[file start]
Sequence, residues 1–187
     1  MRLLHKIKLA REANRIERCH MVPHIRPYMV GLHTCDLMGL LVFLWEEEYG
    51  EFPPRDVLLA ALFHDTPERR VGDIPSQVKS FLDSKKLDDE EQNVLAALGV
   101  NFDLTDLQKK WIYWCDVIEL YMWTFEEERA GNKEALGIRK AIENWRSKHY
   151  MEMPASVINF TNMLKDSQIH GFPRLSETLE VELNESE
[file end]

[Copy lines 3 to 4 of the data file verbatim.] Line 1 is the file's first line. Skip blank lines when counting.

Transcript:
    51  EFPPRDVLLA ALFHDTPERR VGDIPSQVKS FLDSKKLDDE EQNVLAALGV
   101  NFDLTDLQKK WIYWCDVIEL YMWTFEEERA GNKEALGIRK AIENWRSKHY